He adds that the appetite and take up of the sukuk will ultimately depend on the company.
“Overall though, Malaysia is well known for high quality sukuk,” said Heddy.
“If the issuer of the dollar-denominated bond is a high-quality issuer like the Government or Petronas, the reception from international investors is typically very positive,” said a bond fund manager from a foreign insurance firm.
Earlier in the week, StarBiz reported that Malaysian Government-linked entities are poised to raise billions of ringgit via US-dollar bonds, as appetite for such papers has increased amid hunger for yields and a more bullish outlook on the Malaysian economy, bankers said.
Going by some estimates, there could be as much as US$20bil (RM84.22bil) being raised by Malaysian entities, including the Government, Khazanah, Petroliam Nasional Bhd, Axiata Group Bhd and Telekom Malaysia Bhd, to name a few.
A strong reason for more foreign confidence in Malaysia is also the stabilising economy.
On Tuesday, Fitch Ratings affirmed Malaysia’s long-term foreign- and local-currency issuer default ratings (IDRs) at A- and A respectively, with stable outlooks.
Malaysia’s senior unsecured local-currency bonds were also affirmed at A while the country ceiling was affirmed at A and the short-term foreign-currency IDR at F2.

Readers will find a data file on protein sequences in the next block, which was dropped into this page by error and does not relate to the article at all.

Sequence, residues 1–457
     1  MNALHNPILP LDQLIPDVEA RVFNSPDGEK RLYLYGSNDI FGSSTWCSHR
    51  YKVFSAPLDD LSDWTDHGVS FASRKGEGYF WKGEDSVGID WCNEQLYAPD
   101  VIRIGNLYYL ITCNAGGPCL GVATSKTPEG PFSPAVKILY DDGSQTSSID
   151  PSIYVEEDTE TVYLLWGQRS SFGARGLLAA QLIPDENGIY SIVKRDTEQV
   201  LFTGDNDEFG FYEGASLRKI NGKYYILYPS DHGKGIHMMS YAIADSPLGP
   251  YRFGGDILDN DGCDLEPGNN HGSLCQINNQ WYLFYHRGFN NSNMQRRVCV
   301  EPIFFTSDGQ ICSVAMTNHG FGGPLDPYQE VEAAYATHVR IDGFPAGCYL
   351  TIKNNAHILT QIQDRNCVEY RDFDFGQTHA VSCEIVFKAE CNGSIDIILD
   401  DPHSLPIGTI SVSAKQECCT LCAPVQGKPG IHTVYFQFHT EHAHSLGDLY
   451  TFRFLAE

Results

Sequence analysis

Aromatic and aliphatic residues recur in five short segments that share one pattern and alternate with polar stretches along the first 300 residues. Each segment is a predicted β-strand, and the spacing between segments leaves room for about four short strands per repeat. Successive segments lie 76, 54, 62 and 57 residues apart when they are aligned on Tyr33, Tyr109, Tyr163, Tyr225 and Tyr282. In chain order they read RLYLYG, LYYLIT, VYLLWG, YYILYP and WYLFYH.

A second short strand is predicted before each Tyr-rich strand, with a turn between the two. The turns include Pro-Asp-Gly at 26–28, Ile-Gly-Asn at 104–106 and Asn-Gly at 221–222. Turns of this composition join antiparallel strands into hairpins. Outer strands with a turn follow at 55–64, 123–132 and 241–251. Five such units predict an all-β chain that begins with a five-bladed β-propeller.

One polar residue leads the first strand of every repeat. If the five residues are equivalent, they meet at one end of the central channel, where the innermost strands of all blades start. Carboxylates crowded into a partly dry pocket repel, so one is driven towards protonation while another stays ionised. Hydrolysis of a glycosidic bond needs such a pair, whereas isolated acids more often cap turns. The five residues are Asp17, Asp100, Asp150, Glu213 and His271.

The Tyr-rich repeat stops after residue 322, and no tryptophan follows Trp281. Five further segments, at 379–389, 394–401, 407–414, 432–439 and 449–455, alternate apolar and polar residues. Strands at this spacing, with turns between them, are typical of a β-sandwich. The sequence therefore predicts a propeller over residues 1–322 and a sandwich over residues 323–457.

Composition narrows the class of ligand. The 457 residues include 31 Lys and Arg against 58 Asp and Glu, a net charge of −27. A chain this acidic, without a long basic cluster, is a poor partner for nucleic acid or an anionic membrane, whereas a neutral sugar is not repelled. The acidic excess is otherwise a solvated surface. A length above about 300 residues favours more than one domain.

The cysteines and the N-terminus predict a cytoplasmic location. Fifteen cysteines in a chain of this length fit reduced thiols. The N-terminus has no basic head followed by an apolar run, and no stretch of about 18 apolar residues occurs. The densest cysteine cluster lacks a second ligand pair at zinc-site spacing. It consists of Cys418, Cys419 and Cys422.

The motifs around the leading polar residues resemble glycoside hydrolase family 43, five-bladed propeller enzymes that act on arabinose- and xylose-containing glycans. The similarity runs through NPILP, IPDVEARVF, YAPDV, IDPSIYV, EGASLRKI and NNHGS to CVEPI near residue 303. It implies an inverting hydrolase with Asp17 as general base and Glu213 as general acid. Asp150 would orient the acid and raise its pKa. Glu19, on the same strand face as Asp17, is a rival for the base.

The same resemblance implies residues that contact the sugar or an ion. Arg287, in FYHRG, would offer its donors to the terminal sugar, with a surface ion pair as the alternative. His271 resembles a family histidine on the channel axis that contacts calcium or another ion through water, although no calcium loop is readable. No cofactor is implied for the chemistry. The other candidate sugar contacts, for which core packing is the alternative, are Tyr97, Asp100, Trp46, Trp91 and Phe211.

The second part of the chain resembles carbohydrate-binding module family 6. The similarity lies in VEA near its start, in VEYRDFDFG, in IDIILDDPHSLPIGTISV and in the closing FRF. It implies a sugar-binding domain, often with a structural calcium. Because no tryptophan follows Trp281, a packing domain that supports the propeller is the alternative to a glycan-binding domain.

Fitch said the key rating drivers included the Government’s commitment to fiscal consolidation, stability of the ringgit, and more robust reserve and economic growth.
It viewed the macroeconomic assumptions made in the budget as broadly realistic.
The three rating agencies – Moodys, S&P and Fitch Ratings – have given the same credit rating of between A3 and A- with stable outlooks for Malaysia.
Last week, Bank Negara announced that Malaysia’s economy grew by 4.5% in the final quarter of last year, which was better than expected. This brings the full-year gross domestic product growth to 5% from 6% in 2014.